The sense of satisfaction and joy after nailing a great landing or going on a cross country, or just the happiness I felt after closing the hangar doors disappeared.

In the military parlance, alcohol had become "Front and Centre"in my life.

Life's ebb and flow had stopped, almost everyday was becoming the same.

It was then that I thought I really might have a problem. Everything had started to become the same, something to be done before drinking. How long before it was just drinking and nothing else?

I just had to find that mindset again, however my subconscious had other ideas!

I was "stinking thinking" five beers in, why was I drinking, why couldn't I stop.. why? why? why?


Just give in to it, you're fine, why bother.

Like a comforting grey blanket, the thought descended over me.. it's just too f*ing hard.

Like a siren's call to mariners long ago..

Give in..  there is no hope

Its hopeless

Crack another beer.. wait


I pushed that thought away, it was too scary to contemplate anymore.

This Naked Mind, the Book

By this time it was late January 2021 and I remember saying to my wife that if I can just get my mindset back as it was in 2007 I'll be ok. I'll be able to do it again, I had to hope. It might be effing hard but I'll try.

So began the googling. I entered "Alcohol Free Mindset", one of the first things that came up was a book ad "This Naked Mind" by Annie Grace. The reviews were so good, I ordered it.

I began reading it on the bus to work, it made so much sense right from the start and Annie's story was compelling. The people around me must have thought I was a weirdo.. "Oh.. that's why!" I exclaimed when read a particular explanation. It was like lights going off all the time with each paragraph or chapter. I read it five times, just to be sure it would stick. I still drank but maybe with much less fervour!

After going through the book, I signed up for the 30 day Alcohol Experiment online, with a view to moderate. Afterall I still believed that alcohol on some level was essential for my survival. I did the work, I even journaled, occasionally, I watched the videos, I wrote lists, slowly I came to realise that I didn't want to moderate. I wanted the freedom I felt before when I drove through that DUI station so many years ago. The object of the 30 day experiment is to get you to experience a break from alcohol, do the important work to understand why you do what you do and if you desire, make a firm decision to either stop or moderate your alcohol intake.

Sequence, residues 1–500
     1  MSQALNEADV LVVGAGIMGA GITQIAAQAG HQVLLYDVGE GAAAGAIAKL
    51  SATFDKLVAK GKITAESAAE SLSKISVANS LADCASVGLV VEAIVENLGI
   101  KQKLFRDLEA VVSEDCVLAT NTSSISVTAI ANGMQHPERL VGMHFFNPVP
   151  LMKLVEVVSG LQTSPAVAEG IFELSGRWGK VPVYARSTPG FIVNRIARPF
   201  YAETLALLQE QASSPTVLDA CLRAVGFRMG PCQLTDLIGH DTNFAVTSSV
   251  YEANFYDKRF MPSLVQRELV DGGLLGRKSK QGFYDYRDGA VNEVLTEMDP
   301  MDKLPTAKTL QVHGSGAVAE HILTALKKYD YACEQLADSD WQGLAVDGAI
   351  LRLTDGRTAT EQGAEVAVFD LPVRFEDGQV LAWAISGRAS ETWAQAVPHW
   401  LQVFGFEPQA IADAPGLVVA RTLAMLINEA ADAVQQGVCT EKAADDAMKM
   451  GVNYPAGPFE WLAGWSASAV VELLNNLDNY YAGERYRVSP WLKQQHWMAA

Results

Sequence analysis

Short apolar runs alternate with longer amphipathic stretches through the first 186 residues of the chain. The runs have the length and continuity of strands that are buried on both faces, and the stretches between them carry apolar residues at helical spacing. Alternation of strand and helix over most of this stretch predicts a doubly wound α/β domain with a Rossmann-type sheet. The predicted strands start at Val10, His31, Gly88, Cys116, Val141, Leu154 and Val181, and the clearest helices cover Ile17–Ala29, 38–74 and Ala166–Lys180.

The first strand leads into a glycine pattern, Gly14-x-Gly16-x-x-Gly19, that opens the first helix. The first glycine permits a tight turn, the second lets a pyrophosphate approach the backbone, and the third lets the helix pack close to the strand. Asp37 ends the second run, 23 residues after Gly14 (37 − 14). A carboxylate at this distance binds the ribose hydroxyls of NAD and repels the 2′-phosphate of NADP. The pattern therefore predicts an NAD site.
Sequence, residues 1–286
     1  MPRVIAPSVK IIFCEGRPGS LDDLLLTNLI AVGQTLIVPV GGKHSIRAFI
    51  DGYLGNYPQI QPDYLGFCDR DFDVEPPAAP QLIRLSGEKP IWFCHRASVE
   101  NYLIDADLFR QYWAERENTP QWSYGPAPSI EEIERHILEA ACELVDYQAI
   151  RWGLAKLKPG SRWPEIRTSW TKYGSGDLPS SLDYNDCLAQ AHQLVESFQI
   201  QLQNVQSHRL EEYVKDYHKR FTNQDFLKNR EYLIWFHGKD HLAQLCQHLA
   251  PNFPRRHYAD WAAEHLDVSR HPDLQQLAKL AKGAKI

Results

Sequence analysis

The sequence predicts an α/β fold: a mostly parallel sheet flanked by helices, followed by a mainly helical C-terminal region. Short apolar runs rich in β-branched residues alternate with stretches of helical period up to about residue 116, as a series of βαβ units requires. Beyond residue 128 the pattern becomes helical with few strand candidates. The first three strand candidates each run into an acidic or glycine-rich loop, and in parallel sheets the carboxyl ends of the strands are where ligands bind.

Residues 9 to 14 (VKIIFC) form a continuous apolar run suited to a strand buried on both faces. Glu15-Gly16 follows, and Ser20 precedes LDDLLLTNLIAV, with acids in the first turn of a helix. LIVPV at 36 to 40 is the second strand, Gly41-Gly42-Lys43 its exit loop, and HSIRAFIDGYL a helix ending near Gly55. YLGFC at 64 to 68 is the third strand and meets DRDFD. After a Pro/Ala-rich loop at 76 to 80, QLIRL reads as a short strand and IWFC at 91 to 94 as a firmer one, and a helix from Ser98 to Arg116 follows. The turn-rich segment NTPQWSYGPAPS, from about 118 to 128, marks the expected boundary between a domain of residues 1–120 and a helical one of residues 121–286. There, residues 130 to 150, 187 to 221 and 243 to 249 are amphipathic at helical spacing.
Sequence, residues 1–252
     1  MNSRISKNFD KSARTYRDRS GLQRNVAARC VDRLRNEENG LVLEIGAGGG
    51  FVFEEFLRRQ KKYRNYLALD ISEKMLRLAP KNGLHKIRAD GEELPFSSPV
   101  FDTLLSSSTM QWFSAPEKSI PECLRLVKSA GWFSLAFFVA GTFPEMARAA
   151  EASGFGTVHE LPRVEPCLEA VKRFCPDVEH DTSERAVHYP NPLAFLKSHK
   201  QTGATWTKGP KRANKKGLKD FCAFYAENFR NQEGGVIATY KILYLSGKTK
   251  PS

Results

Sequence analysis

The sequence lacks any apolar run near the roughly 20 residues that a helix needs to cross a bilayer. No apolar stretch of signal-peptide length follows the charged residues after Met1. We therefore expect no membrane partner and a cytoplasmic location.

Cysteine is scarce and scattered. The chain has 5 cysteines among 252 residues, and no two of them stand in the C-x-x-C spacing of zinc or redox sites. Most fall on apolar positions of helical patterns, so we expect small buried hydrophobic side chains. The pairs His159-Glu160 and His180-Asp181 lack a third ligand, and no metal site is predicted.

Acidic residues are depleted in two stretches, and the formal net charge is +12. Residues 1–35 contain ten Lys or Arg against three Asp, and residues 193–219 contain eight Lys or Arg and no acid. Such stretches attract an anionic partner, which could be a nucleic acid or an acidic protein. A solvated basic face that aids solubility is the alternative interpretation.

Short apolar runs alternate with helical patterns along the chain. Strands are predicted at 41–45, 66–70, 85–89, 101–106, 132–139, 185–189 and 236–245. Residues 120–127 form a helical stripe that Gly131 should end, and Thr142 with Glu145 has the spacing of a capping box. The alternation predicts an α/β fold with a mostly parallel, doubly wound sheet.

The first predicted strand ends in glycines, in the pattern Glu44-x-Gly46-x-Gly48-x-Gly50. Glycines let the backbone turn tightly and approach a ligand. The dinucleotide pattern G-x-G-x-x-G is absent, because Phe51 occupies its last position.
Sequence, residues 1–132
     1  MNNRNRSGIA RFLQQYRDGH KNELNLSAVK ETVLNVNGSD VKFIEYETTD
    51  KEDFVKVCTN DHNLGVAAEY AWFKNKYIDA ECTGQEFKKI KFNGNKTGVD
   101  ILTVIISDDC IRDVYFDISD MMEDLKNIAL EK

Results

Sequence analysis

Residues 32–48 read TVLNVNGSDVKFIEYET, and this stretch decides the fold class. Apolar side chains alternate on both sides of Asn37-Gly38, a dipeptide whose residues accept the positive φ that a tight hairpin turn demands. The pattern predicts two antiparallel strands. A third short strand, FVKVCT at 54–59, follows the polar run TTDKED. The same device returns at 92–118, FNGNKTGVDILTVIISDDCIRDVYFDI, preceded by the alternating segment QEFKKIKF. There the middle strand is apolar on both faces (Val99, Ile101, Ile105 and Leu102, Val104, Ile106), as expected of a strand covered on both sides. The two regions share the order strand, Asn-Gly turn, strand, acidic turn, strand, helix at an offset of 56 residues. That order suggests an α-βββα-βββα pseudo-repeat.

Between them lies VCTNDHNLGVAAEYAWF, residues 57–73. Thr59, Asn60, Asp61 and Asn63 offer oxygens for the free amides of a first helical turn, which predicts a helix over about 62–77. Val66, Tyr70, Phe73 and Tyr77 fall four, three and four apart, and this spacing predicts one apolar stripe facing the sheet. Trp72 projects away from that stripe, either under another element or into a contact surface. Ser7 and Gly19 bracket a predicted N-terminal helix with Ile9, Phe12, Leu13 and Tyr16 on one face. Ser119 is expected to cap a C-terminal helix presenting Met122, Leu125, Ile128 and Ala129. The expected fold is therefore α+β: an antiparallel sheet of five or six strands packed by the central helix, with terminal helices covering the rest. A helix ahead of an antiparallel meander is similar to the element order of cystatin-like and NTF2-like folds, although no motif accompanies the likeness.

Experience had shown me that moderation for me was too hard. I chose to stop.

I haven't looked back since the day I stopped. Some might say the long years of sobriety were wasted when I took that first drink, but they weren't, they taught me a lot about what it takes to quit and what it feels like to not drink on anniversaries, Christmas, New Years, births, deaths, marriages, etc. when social expectations to partake are high. (Even small periods of sobriety would give someone the same experience as I had over the longer term.) Those experiences might have been harder than they needed to be, but they were gold.

I have no sense now that I am somehow being deprived of alcohol and am missing out on some wonderful experience in the company of a beer or glass of wine. I haven't bothered to count days this time around, been there done that.

I wake up energised and ready for the day each morning, I give thanks and gratitude for privilege of just being alive on this amazing planet. My wife and I recently completed two back to back house renovations to get them ready for sale, I would never have had the mental and physical fortitude to do them if I had still been drinking. At the first big problem, and there were many, I would have sat down with a beer or gone to the pub and wasted the time. Mentally working the issue but not actually doing anything. Hangovers would have meant no work for a day or days.

What was key to being successful? It was the accumulating right knowledge, building the emotion and taking action to stop drinking the destructive poison I had become addicted to. 

The same knowledge, emotion and action can be learned and applied by anyone to change their relationship with alcohol.

Everyone has a story, perhaps you have a seen a little of yourself in my story.

All you need to start is the genuine desire to make a change.


  • Certified This Naked Mind Coach